Back in March, I wrote two posts about kids and reverence, one conceptual (here), and one about application (here). Little did I know that those two posts would become my most read and distributed posts of all time. Apparently they got picked up on Pinterest, and were widely circulated. (The lead article actually surpassed the President Uchtdorf posts by a margin of 8:1. Sorry!) I guess there are a lot of young parents out there wrestling with the same things my EC and I wrestled with when our kids were young. (Yes, I used the word wrestling on purpose.)
In the post about "The Table," I mentioned that I had one more reverence technique to share - well, here it is...
Some years ago, when we were in the midst of the rearin' years, our boys were having a tough time behaving at church. The "Table" worked, but we recognized that it was more of a "stick" approach, and were looking around for more of a "carrot" way to motivate.
About that time, our family had been introduced to the "Red Plate." It was a red ceramic plate that was brought out for special occasions. Whoever had a birthday, gave a talk, or did something especially praiseworthy would have the privilege of using the "Red Plate" for dinner. The kids loved it, and really made a big deal out of it. (Red Plates still are available, but they are wicked expensive. link)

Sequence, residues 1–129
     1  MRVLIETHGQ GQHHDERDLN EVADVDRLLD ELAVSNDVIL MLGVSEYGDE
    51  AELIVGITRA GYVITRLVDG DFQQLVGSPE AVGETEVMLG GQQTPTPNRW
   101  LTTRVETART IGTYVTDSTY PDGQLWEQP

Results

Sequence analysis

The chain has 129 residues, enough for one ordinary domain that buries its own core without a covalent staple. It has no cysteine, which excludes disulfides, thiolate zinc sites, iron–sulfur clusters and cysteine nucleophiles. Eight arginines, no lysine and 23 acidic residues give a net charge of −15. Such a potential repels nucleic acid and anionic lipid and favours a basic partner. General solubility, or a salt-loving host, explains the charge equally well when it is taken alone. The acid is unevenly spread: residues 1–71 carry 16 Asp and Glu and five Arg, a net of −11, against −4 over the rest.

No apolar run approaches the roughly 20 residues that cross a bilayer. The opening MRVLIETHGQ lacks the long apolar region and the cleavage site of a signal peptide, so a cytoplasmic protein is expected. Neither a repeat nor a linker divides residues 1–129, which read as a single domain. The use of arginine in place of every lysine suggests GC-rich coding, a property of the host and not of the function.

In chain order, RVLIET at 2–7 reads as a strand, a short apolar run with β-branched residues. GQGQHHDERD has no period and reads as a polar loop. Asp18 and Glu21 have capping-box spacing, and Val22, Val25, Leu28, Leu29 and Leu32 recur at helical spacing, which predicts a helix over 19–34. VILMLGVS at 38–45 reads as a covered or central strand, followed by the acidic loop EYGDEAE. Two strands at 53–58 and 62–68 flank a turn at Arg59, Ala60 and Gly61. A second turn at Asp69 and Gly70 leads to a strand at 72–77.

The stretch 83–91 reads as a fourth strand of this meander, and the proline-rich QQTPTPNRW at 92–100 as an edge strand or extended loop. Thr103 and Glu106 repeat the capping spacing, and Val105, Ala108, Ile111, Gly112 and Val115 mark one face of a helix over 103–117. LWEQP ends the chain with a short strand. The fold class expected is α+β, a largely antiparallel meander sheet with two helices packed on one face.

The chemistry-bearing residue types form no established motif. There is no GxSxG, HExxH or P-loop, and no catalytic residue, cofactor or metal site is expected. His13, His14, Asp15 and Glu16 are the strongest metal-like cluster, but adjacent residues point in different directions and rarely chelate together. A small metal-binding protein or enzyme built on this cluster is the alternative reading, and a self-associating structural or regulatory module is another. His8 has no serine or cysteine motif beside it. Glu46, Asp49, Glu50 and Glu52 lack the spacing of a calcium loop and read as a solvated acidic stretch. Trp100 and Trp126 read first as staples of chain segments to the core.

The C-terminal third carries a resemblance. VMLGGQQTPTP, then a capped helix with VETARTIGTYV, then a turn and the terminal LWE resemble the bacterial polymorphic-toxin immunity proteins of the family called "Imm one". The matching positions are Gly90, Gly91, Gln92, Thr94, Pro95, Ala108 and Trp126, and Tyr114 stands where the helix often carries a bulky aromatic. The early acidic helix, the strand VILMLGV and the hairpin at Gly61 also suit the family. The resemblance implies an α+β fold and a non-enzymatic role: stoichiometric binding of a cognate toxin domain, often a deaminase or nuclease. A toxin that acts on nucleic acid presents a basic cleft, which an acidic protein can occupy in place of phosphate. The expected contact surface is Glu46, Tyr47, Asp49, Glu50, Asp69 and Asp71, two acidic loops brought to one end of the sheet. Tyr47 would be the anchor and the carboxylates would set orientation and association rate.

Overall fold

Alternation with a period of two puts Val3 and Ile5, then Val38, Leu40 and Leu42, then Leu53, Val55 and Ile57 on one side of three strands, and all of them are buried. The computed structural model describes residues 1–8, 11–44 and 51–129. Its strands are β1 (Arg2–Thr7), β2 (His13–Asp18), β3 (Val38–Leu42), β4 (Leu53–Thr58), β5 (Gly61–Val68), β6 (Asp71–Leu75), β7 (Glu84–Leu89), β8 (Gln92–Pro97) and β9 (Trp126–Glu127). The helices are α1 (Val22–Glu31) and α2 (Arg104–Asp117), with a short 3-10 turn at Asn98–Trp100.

This gave me an idea: What if we were to find some unique plates for the kids, and let them use them for Sunday dinner - if they had been reverent at church that day? We knew we had a positive reenforcement winner - we would call them "Reverence Plates."
Next step - find the plates. Much tougher than anticipated. We went to all sorts of kitchen and ceramic stores in the search of the perfect plates, and came up empty handed. They were either too breakable, or the pattern had nothing "churchy" about it. We continued the search.
One evening, we were in California on vacation, and were eating at the Old Spaghetti Factory in San Diego. They served the kid's meals on these terrific three-section plastic plates. My EC agreed that they would be perfect for Reverence Plates - if the design hadn't been all about spaghetti.
So we went to work, got a friend to sketch out some artwork, learned how to get the plates manufactured - in China. We were excited to see them when they arrived. When they did, we held onto them until we could have an FHE with the kids. We had a lesson on reverence and presented them with their plates.
They were thrilled! And motivated. They knew that if they behaved, they could use their Reverence Plate, and we could leverage that as a gentle reminder, as needed. The oldest kids played along, but the younger kids thought it was important, and were especially anxious to help set the table if they earned the plate that day.
The Reverence Plates became a regular part of our Sunday tradition. Dinnertime has always been important to us, (post here) and Sunday dinner - even more. It worked well for us, and the kids look back fondly on their "Reverence Plates." (Just this evening, my daughter asked me to make sure and save some for her eventual kids.)
My suggestion to you, is give this idea a try. You don't have to use an officially sanctioned, non-denominational, dishwasher-safe "Reverence Plate," but if you want to, you can buy them here:
Best of luck!
PS: If you somehow find out more about my identity from using the store, please don't go blabbin' about it.
PPS: If any of you are Pinterest or Facebook people, I sure would appreciate if you would get this post circulating.